Many cars have molded interiors, which looks great as cars to play with, but not so great if you need to add weight. Also, more often than not, the interiors press down on top of the axles to help keep them in place, so simply doing away with the interior is often a difficult decision. I use a jewelers saw with a thin blade to cut away non-essential parts of the interior - pretty much anything that does NOT hold the wheels in - to make room for weights. Again, E6000 gets used for adding weights (especially if you take the car apart and want to re-use the weights on a different car). The Windows also get painted black or some dark color from the inside to hide the lack of interior. For precise weighing, I use a jewelers scale that measures to a tenth of a gram.
Lubing the wheels
I start by spraying Teflon coating into a small glass bottle, then using an eye dropper to place a drop of Teflon on each axle. I give the wheels a decent spin, flip the car over, and apply another drop between the wheel and the chassis and let it dry. Once the Teflon coating has dried on the axles, I tap a little graphite into the end of each wheel and work it around with a small paintbrush, as well as the spaces between wheel and chassis. What I personally like to do after this is to gently tap each wheel with the polishing pad on my Dremel, giving it a good hard spin to help work the graphite into the wheel as a ‘break-in.’ I do this about three times per wheel: graphite, brush, tap, rinse and repeat. During testing, I simply tape the car together with Scotch tape.
Finishing the car
Some people are using small drills and a tap set to put screws into the posts of their cars, fastening then with 2-56 screws. I have not yet felt confident enough to try this technique, so I fall back on using E6000 in a line down the edges of the chassis and on each post, then pressing the car together and securing with a rubber band. After wiping off any excess glue and checking to make sure nothing has touched the wheels, I set the car aside for a couple of days to let the glue fully cure. At this point, the car is basically finished and ready to be shipped out.
For shipping, I like to fasten a couple of stacked popsicle sticks or strips of coroplast along the length of the chassis between the wheels to act as a buffer. The reason for this is that any impacts to the packaging will be distributed through the harder shell of the body and chassis, rather than the fragile wheels and axles. Tape the buffer underneath the car for shipping, and the host can remove it on site for racing. (For shipping my roadster pickup for the Sock Hop Slam. I used a coroplast buffer between the wheels, wrapped it in bubble wrap, then stuffed it inside a Tic Tac container, which is just long enough to hold a Hot Wheels car securely.)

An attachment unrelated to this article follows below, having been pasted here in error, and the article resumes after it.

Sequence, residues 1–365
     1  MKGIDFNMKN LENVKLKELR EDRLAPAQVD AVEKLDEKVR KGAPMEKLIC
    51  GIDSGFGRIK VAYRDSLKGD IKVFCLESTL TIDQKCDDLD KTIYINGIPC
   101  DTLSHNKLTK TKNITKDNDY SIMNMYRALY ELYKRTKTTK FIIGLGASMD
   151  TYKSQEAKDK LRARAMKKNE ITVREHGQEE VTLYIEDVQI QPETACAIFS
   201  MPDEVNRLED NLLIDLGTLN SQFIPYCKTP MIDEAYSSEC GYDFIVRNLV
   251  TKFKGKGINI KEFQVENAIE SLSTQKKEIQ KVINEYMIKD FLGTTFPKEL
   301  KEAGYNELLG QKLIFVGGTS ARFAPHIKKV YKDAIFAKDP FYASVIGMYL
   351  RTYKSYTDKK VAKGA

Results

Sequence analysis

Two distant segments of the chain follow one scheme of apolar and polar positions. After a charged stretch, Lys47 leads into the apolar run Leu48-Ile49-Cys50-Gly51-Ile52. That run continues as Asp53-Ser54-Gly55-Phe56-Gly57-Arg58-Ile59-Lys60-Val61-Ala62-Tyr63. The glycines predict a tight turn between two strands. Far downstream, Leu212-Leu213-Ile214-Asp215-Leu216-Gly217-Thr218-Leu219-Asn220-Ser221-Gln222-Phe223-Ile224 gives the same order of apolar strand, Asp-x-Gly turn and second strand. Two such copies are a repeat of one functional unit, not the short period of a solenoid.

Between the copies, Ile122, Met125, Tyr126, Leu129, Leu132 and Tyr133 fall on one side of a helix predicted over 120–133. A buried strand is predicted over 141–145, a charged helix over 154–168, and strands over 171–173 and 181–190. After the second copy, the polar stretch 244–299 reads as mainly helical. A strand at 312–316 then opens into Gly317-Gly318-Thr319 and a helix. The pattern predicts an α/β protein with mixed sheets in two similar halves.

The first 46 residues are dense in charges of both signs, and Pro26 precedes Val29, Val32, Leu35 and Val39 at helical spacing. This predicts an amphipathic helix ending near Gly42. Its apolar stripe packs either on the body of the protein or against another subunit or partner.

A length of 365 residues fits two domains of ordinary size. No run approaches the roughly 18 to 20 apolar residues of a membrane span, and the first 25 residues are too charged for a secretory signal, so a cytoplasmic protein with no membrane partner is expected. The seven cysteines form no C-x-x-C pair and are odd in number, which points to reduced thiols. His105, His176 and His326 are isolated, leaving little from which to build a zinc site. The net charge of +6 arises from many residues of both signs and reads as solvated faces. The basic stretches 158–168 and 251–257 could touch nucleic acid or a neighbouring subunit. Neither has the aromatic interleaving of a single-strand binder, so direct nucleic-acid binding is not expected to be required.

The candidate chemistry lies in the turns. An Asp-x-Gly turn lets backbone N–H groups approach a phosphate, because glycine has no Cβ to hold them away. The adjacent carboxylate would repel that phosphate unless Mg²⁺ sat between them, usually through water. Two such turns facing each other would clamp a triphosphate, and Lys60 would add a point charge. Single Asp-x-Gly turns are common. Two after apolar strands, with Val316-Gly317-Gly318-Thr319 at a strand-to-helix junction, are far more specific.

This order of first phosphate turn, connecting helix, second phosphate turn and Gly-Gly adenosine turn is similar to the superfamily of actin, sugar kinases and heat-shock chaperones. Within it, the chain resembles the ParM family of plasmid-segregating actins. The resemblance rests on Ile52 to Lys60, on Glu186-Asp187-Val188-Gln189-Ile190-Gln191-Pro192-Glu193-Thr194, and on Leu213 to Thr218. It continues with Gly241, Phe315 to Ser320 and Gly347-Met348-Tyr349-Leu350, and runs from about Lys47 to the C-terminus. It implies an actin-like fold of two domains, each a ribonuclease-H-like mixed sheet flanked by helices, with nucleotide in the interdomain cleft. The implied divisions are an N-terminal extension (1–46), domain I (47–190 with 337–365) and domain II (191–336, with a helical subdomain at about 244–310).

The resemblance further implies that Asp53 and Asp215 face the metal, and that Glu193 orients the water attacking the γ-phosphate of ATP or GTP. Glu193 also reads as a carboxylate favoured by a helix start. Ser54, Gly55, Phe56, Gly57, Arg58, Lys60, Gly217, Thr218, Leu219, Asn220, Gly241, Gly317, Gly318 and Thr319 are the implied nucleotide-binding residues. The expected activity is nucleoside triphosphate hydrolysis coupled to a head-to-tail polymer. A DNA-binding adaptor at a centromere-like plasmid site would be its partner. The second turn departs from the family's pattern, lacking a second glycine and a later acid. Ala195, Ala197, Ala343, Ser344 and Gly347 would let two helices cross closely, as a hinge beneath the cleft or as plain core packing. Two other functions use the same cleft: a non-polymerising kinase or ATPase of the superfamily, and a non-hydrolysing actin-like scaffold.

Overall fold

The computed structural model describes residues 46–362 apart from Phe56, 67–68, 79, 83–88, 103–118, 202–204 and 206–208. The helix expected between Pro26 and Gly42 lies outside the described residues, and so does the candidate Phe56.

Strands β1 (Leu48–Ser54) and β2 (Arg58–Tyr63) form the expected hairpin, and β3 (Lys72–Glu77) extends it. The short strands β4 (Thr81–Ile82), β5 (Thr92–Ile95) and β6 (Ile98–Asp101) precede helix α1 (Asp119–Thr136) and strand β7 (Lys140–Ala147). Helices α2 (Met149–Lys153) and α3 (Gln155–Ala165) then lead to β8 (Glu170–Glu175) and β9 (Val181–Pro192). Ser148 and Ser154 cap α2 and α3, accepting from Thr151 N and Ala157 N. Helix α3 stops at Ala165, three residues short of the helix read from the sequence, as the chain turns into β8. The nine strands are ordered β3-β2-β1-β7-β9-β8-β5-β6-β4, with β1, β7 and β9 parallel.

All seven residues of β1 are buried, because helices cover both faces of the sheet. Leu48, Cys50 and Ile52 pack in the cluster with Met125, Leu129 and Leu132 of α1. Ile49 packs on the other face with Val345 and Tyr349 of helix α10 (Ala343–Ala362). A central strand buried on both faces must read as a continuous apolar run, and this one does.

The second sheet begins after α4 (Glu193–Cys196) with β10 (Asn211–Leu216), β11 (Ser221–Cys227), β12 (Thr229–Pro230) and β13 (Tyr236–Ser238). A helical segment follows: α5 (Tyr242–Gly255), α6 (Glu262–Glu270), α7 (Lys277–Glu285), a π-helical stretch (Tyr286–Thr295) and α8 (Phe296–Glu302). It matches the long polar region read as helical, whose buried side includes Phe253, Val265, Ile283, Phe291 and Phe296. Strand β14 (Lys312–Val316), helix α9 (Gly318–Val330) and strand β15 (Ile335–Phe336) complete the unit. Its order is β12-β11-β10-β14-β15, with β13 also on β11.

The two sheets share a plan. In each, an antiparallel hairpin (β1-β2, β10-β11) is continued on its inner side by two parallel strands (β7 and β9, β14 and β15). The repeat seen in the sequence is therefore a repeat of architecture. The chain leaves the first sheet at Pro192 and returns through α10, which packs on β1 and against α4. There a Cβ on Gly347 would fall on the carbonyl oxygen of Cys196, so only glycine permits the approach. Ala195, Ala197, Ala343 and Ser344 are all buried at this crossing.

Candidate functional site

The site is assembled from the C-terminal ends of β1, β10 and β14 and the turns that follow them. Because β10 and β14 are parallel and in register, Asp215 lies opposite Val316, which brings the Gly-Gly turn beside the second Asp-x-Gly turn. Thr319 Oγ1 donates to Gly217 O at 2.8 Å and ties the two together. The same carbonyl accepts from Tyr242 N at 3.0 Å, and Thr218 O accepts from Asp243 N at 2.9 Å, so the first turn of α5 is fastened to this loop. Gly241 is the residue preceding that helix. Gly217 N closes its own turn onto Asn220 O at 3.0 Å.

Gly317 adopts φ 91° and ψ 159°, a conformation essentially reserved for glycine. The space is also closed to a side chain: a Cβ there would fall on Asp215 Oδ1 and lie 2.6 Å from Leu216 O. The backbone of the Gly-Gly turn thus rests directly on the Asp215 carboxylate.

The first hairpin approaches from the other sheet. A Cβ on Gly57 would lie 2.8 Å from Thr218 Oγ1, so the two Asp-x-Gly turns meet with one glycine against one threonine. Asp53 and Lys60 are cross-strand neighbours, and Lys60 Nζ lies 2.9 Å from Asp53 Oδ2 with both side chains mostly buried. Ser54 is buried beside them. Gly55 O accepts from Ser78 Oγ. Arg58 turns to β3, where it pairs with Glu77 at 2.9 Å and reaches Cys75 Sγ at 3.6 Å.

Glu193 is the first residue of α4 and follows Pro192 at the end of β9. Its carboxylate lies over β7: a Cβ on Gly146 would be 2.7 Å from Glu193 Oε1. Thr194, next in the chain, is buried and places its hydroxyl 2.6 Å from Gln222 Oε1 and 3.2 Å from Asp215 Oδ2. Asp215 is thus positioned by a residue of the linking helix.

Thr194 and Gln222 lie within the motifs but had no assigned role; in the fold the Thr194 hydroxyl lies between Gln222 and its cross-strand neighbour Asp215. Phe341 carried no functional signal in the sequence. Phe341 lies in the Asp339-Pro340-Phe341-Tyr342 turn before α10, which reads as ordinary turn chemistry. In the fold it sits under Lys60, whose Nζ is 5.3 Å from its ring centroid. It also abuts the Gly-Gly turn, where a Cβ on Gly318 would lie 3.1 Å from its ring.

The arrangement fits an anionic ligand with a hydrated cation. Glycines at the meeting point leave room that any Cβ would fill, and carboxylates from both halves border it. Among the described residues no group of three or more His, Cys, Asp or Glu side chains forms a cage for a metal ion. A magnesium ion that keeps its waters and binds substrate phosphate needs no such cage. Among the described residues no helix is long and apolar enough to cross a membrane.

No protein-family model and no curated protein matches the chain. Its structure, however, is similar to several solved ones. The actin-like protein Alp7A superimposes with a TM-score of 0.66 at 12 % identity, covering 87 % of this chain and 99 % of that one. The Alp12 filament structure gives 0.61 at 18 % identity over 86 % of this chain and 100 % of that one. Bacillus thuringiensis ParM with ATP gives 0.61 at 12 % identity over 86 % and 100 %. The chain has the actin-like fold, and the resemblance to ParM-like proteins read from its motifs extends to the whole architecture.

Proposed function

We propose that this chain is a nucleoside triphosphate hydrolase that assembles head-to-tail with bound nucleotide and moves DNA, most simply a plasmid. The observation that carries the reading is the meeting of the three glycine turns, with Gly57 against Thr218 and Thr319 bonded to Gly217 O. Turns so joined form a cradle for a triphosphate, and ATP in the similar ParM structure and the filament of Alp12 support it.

Thanks for sharing your build routine! It's great to see the process written out like that. I think many folks hear about building Hot Wheels and think it's just opening it, adding weight, and then closing it...not the case!
And great idea on the Tic Tac container. I thought it was really cool to see that get used with your Pro-Am entry. It's the perfect size for most cars.
This is definitely a great list to start along with other topics of old about how to "add speed" to our builds.
- I wanted to make sure that people not only knew what I was doing to the car, but what tools I was using, too, so they could get them if needed. — SpyDude
- And yeah, the Tic Tac container was one of those spur-of-the-moment things that I had on the corner of my desk. Since I knew the top side of the truck was semi-fragile, I wanted to protect it more in shipping. I happened to look over at the container and was like, "Hmmmm...." And it worked! — SpyDude
Have you tried anything besides E6000? I use the two part epoxy and I have never tried the E6000.